I think you are 100% right about technique/mechanics (rising/resting/kneading) being a big factor.

 

Regarding the fridge activity--again i think that is one of those "depends on your starter AND environment" sort of question.  I do not think there is a one-size answer to this, if I am understanding the question :-).  There are too many variables from a scientific POV to say with any confidence that chilling "always" or "never" affects a starter. (but that might not have been your question that you were asking...this thread is so chock full of great information, that I might be mistaken in what you are asking :-) )

bluezebra's picture
bluezebra

No my question is actually esoteric in nature. It's more a science question...or a solution to an if:then question...

If Calvel says fermentation and lb activity stops under refrigeration, then why do we get alcohol "hooch" on top of our starters after they are kept in the fridge, unfed for too long?

Atropine's picture
Atropine

Well, hmmm...that is a good question....

 

I know that metabolic activity does not totally cease during refrigeration--even milk will go bad in the fridge, mold grows, bacteria DOES grow, etc, so there is obviously still some activity going on.  Now to what extent this affects flavor, I do not know.

 

However, part of the "hooch rising" does not NECESSARILY have to be from metabolic activity.  In all likelihood it probably does, but also settling/separating will occur in a non-agitated suspension.  My GUESS would be that a starter is at least partly a suspension--the hooch is not chemically bound to any flour molecules, yeasties, or what have you.  Just like if you set non-homogenized milk on the counter you will get cream at the top, or if you set a salad dressing on the counter (or in the fridge) the vinegar will separate from the oil, at least some of the hooch was already in there and just rises, without metabolic activity.

 

I would offer that this is plausible because I have poured the hooch off of my starter and the starter is much drier (wet oatmeal instead of pancake batter).  I have also repeatedly stirred the hooch back in and have it rise to the surface a little while later, with a much greater amount of hooch than one would expect from metabolic activity (meaning some might be from metabolic activity, but some might be ONLY from separation).  It is possible that the agitation of the bubbling in a warm, well fed starter, helps to keep the starter "stirred" enough that the hooch stays in suspension....when the metabolic activity slows or stops, this allows the hooch to come to the surface.  Possibly.  Just a guess on my part.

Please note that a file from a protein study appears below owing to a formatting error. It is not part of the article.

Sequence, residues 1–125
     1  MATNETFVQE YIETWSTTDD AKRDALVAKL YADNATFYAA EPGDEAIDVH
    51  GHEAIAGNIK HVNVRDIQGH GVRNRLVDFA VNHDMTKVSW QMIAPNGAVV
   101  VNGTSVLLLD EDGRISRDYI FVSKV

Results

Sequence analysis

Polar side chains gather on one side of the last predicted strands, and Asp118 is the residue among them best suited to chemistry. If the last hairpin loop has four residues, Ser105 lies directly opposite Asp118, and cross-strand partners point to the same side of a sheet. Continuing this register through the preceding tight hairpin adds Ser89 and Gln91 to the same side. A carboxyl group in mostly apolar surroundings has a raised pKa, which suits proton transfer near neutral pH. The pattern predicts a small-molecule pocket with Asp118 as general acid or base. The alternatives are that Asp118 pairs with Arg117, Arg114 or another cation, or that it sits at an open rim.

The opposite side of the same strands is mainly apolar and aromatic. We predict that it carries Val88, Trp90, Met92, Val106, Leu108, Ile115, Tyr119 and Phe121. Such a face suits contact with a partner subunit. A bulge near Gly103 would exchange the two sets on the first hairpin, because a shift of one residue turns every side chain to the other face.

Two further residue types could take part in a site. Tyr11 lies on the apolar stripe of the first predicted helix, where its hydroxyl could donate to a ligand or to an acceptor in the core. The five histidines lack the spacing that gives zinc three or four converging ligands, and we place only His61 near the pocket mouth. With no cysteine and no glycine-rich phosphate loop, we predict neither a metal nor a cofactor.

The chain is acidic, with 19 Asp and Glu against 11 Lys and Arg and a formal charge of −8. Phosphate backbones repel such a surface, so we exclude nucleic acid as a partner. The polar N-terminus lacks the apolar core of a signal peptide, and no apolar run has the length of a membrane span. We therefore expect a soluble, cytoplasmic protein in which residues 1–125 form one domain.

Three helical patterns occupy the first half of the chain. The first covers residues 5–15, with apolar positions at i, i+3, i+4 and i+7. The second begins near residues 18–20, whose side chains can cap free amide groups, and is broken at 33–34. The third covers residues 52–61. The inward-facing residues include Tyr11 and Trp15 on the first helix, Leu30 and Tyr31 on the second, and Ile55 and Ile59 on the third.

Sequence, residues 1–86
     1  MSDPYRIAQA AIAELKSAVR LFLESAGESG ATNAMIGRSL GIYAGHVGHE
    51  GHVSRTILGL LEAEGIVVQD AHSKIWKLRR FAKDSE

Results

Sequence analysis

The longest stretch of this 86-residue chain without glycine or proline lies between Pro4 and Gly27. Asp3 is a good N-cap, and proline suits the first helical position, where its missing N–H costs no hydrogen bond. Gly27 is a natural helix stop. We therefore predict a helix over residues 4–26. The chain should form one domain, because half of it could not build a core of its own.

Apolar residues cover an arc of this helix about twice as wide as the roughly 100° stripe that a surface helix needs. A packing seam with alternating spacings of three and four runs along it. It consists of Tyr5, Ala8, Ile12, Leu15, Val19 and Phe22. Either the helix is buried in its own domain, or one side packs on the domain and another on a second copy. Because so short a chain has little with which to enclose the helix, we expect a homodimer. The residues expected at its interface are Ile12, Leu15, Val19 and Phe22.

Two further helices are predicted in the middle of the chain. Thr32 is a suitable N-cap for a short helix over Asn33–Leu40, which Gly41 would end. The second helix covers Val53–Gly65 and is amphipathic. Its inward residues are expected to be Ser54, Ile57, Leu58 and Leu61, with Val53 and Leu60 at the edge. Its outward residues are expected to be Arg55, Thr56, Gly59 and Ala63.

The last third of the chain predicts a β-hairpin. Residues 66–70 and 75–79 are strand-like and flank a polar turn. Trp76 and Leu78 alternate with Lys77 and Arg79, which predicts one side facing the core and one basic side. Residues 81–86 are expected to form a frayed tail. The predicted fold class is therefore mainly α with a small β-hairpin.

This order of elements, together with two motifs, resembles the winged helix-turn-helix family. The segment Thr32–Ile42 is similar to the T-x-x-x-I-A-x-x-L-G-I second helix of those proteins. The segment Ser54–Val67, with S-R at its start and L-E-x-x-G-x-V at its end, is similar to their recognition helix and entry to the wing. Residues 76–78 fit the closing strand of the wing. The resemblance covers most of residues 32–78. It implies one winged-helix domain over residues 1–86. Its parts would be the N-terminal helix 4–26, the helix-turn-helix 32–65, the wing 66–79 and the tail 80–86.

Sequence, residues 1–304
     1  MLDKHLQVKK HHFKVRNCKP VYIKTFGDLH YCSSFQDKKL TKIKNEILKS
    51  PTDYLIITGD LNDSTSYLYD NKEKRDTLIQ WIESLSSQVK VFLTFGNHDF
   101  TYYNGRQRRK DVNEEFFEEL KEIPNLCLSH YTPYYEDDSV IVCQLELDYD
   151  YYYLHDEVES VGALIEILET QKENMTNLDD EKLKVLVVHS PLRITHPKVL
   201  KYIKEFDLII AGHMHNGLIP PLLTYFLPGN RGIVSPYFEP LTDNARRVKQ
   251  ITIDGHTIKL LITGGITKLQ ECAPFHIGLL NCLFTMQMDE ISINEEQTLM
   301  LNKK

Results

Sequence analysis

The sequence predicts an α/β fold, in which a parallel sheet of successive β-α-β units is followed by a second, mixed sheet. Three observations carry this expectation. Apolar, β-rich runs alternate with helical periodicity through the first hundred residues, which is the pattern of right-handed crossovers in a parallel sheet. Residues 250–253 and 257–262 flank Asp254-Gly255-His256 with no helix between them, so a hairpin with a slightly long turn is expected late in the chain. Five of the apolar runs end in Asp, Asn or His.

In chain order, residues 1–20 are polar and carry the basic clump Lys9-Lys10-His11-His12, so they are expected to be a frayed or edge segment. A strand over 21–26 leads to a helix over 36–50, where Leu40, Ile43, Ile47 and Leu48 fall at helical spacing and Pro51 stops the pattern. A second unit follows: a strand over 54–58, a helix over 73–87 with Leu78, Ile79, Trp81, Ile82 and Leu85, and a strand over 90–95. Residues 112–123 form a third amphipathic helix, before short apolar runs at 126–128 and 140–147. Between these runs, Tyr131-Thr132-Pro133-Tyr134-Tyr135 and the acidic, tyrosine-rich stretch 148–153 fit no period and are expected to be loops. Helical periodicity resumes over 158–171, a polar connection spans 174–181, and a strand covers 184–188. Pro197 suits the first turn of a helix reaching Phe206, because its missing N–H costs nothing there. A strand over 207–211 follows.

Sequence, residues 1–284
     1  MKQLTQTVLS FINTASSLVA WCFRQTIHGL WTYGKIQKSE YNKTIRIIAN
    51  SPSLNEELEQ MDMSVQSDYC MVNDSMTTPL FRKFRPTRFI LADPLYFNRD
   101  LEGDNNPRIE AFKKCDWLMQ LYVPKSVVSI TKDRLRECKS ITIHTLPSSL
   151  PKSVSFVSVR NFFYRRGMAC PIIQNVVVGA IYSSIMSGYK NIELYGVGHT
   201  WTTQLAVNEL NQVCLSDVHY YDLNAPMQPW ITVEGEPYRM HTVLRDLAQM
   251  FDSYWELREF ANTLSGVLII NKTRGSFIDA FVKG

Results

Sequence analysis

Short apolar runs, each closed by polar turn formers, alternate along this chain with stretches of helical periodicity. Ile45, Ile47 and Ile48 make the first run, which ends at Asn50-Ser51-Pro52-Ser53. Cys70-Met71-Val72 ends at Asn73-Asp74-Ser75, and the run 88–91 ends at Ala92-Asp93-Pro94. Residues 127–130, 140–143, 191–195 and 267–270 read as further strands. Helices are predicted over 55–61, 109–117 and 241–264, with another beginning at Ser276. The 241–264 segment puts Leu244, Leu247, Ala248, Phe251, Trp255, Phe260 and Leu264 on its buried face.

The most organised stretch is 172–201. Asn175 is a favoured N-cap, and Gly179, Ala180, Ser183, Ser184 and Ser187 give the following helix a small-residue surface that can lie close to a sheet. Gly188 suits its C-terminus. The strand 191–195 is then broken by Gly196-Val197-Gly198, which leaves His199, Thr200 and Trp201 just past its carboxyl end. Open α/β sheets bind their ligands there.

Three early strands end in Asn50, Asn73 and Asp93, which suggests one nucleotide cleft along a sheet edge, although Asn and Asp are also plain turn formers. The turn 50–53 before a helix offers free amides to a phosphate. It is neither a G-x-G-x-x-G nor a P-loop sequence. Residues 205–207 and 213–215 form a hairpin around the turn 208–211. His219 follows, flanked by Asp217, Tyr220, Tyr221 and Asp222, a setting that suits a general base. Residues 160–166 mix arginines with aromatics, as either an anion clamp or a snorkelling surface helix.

Or, I believe, it is a mixture of both metabolic activity AND separating of the heavy material (the yeast and flour) from the unbonded lighter material (hooch).

 

I feel a science experiment coming on....("Oh children!  Got a homeschool project for you....")  ....lolol

 

Now, for my personal experience, I found that there was a lot more metabolic activity, meaning the flavor of my starter was changing, when out on the counter.  I have (anecdotally) observed that if I refrigerate the starter, the flavor is more stable.  Seeing as how my starter does not taste as good as it used to, I have put it in the fridge to try to "freeze time", and keep it from changing too much. 

 

Was this correct?  I dunno, I am not the most starter-savvy person on earth.  But the flavor was stable when I kept him tucked in the fridge, and changed drastically when I went through a bout of sourdough baking and kept him out of the fridge for a couple of weeks.  However, because I was not on a strict schedule, there are too many variables to declare this as "evidence" of anything.  To make this valid and accurate, I would have to be a LOT more careful in my routine. 

 

I don't know if we can find the answer to this question, but it would be neat to try!  We would have to come up with some pretty specific guidelines for an experiment, and even then we might have too many variables to know for certain.  BUT it would be fun to try! :-)

mariana's picture
mariana

Hi Bill,

 

this discussion began as a conversation about refrigerating dough, not starters, but sourdough staters are little doughs as well, huh ? :)

 

I cannot be happier for you since you are so pleased with your starter maintenance schedule. Great!  Mine evolved very quickly into something else. :(

 

Scientifically speaking, doughs and starters do react to cold temperatures, not just in terms of how much fermentation slows down and whether it can be brough back full speed or not at all. Changes in microbial and yeast population take place at lower temperature. Just as when you travel from your place to Montana you may see the same trees but in different proportions, in refrigerator stored starters microflora shifts to different composition in terms of who becomes more dominant and survives better/dies slower. I found a small article on biology of sourdough ecosystem from Discover Magazine, September 2003 issue.  See what Ganzle, Sugihara and Onno have to say about it.